As a driving instructor, I am not allowed to make comments about driver examiners. For example, before a road test, I never tell my students my feelings about the potential examiners. You see the examiners huddled together, and the examinee wonders, “Which one am I going to get? I hope I get a nice one.” I tell my students that they’re all the same, but of course they’re not. After the road test, my students always tell me about their road test experience and the behaviour of the examiner during the test. This is not Las Vegas – what happens on the road test does not stay on the road test.
Recently one of my students came for her road test using her own car. In the pre-trip portion of the road test, instead of turning on the headlights when requested, she turned on the parking lights. Well, the examiner apparently did not like this. During the road test, the examiner, according to the student, kept badgering her to find out who her driving instructor was. She basically told him that this information was irrelevant to the road test at hand. He then proceeded to give his opinions about the driver training industry, and how he was very unhappy with the poor level of instruction these days. They can’t even teach their students how to turn on their headlights. He mentioned the name of one driving instructor and asked her if that was her teacher. She told him that she didn’t know who that person was, but no, this examiner would not let the topic go. The stressful road test had another layer of pressure added.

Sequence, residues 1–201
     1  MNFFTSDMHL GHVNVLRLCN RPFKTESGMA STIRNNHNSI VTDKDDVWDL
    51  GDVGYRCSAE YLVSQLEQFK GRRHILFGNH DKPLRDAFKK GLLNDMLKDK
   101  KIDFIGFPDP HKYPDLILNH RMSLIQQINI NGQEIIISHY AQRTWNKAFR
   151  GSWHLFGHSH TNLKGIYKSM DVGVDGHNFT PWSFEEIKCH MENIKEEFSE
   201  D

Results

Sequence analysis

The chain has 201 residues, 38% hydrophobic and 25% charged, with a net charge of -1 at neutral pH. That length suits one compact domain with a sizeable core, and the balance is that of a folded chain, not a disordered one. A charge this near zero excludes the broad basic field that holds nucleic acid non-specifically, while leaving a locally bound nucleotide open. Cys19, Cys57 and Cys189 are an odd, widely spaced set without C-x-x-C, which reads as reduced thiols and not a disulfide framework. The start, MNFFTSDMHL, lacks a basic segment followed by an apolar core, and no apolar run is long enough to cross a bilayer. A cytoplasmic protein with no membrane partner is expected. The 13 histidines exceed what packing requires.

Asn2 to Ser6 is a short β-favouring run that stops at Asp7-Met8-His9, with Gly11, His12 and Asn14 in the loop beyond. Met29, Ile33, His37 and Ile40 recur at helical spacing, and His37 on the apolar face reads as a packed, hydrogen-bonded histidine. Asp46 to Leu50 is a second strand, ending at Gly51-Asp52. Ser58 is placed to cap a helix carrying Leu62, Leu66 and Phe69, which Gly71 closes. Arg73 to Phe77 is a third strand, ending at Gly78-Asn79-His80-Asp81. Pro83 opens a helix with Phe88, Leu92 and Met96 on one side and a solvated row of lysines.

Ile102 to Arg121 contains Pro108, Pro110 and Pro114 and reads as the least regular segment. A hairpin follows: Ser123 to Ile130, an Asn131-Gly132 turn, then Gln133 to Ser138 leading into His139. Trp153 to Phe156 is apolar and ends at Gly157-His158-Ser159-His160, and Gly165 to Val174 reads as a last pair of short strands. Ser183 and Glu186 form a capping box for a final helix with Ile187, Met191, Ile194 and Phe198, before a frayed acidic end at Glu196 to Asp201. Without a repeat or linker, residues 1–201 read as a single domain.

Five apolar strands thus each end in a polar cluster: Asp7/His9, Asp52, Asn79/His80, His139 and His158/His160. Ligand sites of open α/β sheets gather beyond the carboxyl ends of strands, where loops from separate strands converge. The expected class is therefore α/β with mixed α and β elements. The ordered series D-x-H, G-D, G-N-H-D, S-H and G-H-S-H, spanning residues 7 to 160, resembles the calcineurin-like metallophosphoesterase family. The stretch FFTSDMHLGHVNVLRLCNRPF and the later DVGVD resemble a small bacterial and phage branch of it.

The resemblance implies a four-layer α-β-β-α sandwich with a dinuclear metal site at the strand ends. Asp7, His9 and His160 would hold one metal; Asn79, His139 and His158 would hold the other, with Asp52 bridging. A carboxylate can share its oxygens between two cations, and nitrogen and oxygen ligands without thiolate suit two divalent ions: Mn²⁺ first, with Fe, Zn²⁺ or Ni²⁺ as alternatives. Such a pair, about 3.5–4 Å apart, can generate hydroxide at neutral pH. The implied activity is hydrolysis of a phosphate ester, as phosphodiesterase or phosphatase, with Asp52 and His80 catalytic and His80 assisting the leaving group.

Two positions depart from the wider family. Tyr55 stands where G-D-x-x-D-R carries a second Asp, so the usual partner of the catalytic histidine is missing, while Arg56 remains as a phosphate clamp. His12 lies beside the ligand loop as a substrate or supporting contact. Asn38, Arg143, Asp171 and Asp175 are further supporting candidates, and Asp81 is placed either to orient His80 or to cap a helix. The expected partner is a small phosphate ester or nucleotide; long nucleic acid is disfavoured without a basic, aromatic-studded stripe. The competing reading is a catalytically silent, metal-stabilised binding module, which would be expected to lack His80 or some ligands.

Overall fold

Now, let’s go to the end of the road test. The car is parked, and now is the time the examiner is supposed to give his verdict. Not this one; he proceeded to point out the examinee’s shortcomings and tell her that she was a “dangerous driver.” She assumed that she had failed. He then told her to come into the office so he could take her picture. What the hell? Did she pass? What’s going on? Inside the office, she eventually realized that she had passed.
When my client related this bizarre adventure to me, she expressed her astonishment with the whole experience. Why was the examiner so concerned about who had taught her how to drive? (She had learned from her brother-in-law, with some extra help from me.) Why did she pass if she was a “dangerous driver”? Why didn’t the examiner tell her at the end of the road test that she had passed? Anyway, all this goes to show that you can pass your road test even if the examiner thinks you are a “dangerous driver”.
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